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ARS Home » Pacific West Area » Albany, California » Western Regional Research Center » Invasive Species and Pollinator Health » Research » Research Project #440975

Research Project: Biological Control of Bagrada Bug (FY23)

Location: Invasive Species and Pollinator Health

Project Number: 2030-22000-033-012-R
Project Type: Reimbursable Cooperative Agreement

Start Date: Oct 1, 2022
End Date: Jun 30, 2023

The objectives of this project are to: 1) mass rear the parasitic wasp Gryon aetherium for releases of this new agent within the state of California; 2) release G. aetherium in areas of the state with bagrada bug outbreaks; 3) survey and monitor California for changes in the density and distribution of bagrada bug and G. aetherium.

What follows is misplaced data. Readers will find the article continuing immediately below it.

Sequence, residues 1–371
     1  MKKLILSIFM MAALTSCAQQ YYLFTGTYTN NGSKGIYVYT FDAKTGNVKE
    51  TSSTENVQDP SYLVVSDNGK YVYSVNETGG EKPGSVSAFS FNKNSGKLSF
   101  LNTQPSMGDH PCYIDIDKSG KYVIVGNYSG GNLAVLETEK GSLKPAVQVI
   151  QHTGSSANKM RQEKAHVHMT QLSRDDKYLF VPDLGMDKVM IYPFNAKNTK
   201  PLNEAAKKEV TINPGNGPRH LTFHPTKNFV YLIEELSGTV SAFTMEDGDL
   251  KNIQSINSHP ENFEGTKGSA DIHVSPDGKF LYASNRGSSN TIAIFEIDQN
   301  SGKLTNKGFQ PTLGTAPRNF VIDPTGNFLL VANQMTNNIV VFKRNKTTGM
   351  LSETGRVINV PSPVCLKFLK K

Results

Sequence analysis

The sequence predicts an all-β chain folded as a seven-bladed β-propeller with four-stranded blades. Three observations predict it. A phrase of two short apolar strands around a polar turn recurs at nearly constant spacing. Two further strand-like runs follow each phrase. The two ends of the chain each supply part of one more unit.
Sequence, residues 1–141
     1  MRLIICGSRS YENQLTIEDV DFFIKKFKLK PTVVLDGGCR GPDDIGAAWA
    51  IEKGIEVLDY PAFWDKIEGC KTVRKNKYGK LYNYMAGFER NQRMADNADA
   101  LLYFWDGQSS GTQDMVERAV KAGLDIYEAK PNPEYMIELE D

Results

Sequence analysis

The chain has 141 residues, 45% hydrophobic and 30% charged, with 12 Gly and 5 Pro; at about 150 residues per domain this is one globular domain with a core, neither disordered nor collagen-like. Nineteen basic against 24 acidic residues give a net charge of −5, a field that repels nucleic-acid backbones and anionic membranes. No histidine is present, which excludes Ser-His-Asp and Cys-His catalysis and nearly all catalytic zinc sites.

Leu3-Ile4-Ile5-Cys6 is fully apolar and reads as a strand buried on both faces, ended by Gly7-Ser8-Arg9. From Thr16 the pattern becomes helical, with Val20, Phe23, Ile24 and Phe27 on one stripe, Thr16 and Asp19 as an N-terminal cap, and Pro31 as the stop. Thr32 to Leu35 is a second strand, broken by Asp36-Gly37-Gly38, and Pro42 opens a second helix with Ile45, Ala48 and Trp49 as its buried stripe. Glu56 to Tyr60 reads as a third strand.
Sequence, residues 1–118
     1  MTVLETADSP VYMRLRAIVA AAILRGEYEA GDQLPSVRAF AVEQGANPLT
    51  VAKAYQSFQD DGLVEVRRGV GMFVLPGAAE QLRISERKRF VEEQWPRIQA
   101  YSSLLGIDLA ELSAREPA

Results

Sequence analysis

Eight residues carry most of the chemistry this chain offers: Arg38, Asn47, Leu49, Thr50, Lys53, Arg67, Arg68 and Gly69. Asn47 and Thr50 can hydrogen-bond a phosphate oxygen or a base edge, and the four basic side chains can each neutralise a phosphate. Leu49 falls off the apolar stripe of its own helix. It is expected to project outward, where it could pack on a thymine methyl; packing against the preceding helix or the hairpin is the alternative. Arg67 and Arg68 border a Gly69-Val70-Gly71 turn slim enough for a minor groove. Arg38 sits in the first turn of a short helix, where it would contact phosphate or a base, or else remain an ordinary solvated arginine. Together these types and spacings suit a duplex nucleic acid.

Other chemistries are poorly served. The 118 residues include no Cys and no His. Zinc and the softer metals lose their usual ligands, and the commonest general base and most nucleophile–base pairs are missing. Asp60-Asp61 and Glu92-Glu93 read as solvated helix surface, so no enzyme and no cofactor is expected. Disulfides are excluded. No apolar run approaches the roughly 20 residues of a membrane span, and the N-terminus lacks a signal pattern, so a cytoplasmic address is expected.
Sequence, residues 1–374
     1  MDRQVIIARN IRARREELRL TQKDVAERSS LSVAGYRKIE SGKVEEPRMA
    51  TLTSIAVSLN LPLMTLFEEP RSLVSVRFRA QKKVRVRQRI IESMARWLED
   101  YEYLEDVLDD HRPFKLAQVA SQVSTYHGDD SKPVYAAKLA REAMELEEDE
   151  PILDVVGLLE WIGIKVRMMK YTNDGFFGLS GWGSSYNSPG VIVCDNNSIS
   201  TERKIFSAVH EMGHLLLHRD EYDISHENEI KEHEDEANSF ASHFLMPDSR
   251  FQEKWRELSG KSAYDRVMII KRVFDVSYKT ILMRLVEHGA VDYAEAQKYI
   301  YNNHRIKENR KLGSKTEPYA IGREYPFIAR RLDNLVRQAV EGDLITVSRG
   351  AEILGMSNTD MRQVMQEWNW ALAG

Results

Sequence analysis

Bagrada bugs will be maintained in a small walk-in rearing room provided with some natural light. Bugs will be cultured at relatively high temperatures required by them for oviposition, 30°C, with 16:8 h L:D, ambient relative humidity. Adult bagrada bugs will be provided with a sand substrate for oviposition. Eggs will be transferred from sand to and glued to strips of card stock. Each card strip will then be placed into a small ca. 50 ml plastic vial with snap-on lid. Parasitoids will be exposed to young eggs (24 to 72 hrs old) before they turn pink. Adult parasitoids will emerge from these eggs within in 12-18 days and will be transferred to a small holding container until released into the field or used to maintain the colony. Locations will be selected for release of the parasitoid using information from County and agriculture industry collaborators to find outbreaks of bagrada bug, preferably in organic systems. These locations will be surveyed for the presence of G. aetherium prior to making releases using the sifted soil tray method detailed below. Post-release establishment will be tested by surveying for the presence of G. aetherium using the same type of soil trays placed in the each release location approximately one month after releases are made. The parasitoid will be surveyed across the current range of bagrada bug in California. Trays filled with sifted soil will be placed under plants heavily infested by bagrada bug to provide an attractive egg laying medium for bagrada bug females. A piece of folded cardstock will be placed over the trays to provide shade. After 5–7 days these trays will be collected, and the soil sifted, to remove and count eggs. These will be held until emergence of either bagrada bugs or parasitoids and the total numbers of each recorded to determine percent parasitism. Unhatched eggs will be dissected to determine if undeveloped parasitoids are present.